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The Life and Times of Mark Hassler - Nove

By The Ithaka - Published November 09, 2001 - Viewed 697 times

The Life and Times of Mark Hassler

 

November 9, 2001
By Bernadette Bernon  More articles by this author

 

 

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"The Río’s a great place to disappear in," said a bearded old guy with a pigtail one night at a local watering hole in Fronteras, the dusty town on the river near our marina. When you take your time over a beer, and hear the stories about cruisers who’ve passed this way before, you can’t help but shake your head. They were a wild, shaggy-haired lot, who had themselves a ball back when the river was still a rough-and-tumble jungle—before deforestation stripped some of its banks; before rich Guatemalans built their palapa-style homes on the shoreline; hell, before the rest of us pasty-faced gringos showed up.

Here and there on the Río are the vacation homes of rich Guatemalans

We’ve heard stories about people who came for two weeks and stayed years, of folks who went native, of gringos who got here, liked the anything-goes energy, sunk some roots, opened hamburger joints or sail lofts, and tried to rub a living together out of the place. And then you hear stories about Mark Hassler—his boatbuilding, dance parties, giant catamarans, peace signs, and the world of porn. His take the cake.

Douglas and I ran into Mark when we were backpacking around Lake Atitlan in the Highlands. We were sitting in a lancha—a water taxi—waiting for it to leave the tourist-infested hive of Panajachel, across the massive lake to a sleepy village where we hoped to hole up for a few days. A white-haired, crinkly-faced coot hopped in, sized us up, and declared, "You guys are cruisers, right? I know it! I can tell by your glasses straps. Where’s your boat? The Río, right?"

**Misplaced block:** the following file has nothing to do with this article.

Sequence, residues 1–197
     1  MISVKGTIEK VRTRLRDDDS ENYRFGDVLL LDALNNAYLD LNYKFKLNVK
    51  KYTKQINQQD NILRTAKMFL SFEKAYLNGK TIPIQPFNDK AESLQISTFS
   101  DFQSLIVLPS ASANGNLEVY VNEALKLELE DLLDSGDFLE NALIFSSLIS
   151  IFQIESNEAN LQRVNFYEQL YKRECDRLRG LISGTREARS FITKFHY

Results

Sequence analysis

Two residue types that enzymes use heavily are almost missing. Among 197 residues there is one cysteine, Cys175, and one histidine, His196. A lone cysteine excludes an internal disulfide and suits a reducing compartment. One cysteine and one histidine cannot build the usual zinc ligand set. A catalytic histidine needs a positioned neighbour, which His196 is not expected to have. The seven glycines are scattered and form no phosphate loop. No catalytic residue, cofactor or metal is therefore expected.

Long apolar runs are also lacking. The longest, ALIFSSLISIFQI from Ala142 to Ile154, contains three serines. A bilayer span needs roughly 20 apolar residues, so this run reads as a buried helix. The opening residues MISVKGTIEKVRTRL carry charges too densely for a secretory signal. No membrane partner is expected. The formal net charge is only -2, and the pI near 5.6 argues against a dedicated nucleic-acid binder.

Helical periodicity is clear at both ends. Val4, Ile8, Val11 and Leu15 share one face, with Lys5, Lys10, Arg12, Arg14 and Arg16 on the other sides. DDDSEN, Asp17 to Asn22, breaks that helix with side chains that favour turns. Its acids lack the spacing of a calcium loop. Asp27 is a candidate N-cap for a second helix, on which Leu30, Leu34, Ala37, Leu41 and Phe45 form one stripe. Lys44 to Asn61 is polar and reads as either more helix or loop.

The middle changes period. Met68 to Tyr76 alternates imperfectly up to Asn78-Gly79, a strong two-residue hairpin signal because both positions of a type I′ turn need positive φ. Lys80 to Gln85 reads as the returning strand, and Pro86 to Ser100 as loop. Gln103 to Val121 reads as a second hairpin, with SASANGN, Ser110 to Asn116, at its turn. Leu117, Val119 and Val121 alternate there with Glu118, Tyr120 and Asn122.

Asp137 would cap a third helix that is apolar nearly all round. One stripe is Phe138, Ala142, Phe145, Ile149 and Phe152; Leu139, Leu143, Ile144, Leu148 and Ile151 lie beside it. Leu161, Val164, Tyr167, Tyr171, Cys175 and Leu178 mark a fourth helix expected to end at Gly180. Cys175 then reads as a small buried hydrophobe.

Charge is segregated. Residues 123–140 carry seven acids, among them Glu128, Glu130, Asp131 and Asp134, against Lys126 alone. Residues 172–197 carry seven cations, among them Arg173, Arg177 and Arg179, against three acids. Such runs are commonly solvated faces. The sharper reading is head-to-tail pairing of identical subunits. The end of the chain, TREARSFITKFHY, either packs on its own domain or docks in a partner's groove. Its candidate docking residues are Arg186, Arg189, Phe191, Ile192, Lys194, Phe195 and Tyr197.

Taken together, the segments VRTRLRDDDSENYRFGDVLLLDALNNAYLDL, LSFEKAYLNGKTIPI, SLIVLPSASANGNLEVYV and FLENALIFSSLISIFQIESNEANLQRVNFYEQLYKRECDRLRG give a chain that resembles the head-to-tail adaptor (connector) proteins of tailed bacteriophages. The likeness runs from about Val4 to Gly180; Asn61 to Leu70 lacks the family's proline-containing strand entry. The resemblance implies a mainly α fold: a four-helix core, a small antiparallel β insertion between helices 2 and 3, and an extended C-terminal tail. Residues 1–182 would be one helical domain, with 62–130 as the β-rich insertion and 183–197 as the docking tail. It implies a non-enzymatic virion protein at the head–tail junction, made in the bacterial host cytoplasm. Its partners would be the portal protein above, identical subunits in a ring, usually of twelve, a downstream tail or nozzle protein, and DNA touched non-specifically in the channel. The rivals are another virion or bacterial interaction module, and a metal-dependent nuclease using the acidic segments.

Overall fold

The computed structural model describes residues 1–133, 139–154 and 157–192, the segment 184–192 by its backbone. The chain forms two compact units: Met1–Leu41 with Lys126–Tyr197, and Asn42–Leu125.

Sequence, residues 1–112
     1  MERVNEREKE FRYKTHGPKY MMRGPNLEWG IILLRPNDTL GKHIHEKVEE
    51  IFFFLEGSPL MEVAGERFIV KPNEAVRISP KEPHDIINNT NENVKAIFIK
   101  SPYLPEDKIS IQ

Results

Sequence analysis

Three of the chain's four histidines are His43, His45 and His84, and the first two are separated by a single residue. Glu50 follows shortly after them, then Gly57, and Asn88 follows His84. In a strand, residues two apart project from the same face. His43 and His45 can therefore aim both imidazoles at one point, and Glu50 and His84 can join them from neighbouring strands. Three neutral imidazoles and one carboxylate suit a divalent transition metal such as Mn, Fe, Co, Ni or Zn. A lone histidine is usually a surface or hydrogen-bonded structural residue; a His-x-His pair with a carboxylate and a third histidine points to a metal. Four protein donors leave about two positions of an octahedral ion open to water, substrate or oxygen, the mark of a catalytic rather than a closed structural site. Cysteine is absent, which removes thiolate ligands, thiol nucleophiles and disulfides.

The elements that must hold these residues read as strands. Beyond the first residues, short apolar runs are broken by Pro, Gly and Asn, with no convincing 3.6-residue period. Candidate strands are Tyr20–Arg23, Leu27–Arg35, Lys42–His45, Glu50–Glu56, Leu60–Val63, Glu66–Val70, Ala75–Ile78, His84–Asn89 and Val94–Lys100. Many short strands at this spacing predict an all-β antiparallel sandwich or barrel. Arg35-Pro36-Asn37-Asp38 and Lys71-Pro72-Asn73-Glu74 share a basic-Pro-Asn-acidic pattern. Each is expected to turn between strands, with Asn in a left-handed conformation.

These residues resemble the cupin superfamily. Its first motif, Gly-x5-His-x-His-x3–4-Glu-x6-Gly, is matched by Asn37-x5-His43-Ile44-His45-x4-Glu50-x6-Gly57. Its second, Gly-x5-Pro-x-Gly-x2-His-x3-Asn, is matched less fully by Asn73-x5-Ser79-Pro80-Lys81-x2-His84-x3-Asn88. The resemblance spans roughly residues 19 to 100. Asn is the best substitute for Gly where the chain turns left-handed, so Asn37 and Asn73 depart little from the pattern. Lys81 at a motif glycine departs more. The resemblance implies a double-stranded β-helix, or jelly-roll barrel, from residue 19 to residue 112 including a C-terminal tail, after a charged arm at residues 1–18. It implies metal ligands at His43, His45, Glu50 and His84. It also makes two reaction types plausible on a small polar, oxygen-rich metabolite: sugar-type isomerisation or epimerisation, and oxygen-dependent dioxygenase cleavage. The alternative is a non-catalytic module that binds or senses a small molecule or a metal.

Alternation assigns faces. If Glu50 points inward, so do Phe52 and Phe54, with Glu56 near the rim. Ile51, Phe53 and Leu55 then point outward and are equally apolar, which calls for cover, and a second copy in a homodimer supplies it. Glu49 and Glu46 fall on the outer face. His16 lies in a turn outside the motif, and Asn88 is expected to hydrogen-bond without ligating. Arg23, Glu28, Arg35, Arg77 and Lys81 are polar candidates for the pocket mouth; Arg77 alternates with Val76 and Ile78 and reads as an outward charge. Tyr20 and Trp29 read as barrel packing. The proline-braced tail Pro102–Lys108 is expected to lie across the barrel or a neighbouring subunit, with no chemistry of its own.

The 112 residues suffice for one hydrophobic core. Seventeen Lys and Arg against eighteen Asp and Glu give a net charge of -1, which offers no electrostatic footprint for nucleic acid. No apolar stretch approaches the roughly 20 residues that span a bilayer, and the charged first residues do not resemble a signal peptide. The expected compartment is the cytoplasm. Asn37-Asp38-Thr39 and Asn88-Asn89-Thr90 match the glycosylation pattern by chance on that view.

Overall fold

"Uh, right," said Douglas, taken aback.

"I’ve been a cruiser all my life." he smiled. "Name’s Mark Hassler." This rang a bell. We shook hands. I noticed his gnarled, misshapen fingers, knuckles, and elbows. This was the guy! "I used to live on the river, too. I’m on land now, in San Marcos, with my wife," and he introduced us to Kathy, a small, dark Guatemalan woman with long black braids, dressed traditionally in embroidered huipile blouse and woven skirt. An hour later, when we reached Mark and Kathy’s lancha stop, which was just before ours, Mark had told us a the beginning of a story so awesome that Douglas and I asked if we could walk up to their house the next day and hear the end of it.

Our stone bungalow at Posada Shuman in San Marcos, right on Lake Atitlan

The next morning, unsure of the direction, we came across a young boy, and I tried to ask him in Spanish if he knew where Mark lived. My mangled Spanish was met with a blank look. I groped for a different angle: "El gringo loco con mano deforma?" And I held up my hands and twisted them up like Mark’s. His face brightened, and he pointed the way.

On the gate outside the house that Mark built is the carved symbol of two hands holding the world, a sign of the nuclear free zone. The house is a round, thatched, one-room mushroom bermed into the cliff, overlooking the lake and volcanoes. There’s a loft bed draped in mosquito netting upstairs, a living room and kitchen on the main floor, and outdoor bathroom and shower under the living room. A paddle-wheel waterfall fed from a solar-heated tank cascades torrents of steamy water into a giant, round hot tub decorated with shells. Winding footpaths are lined with flowers, and everywhere are the souvenirs of two circumnavigations.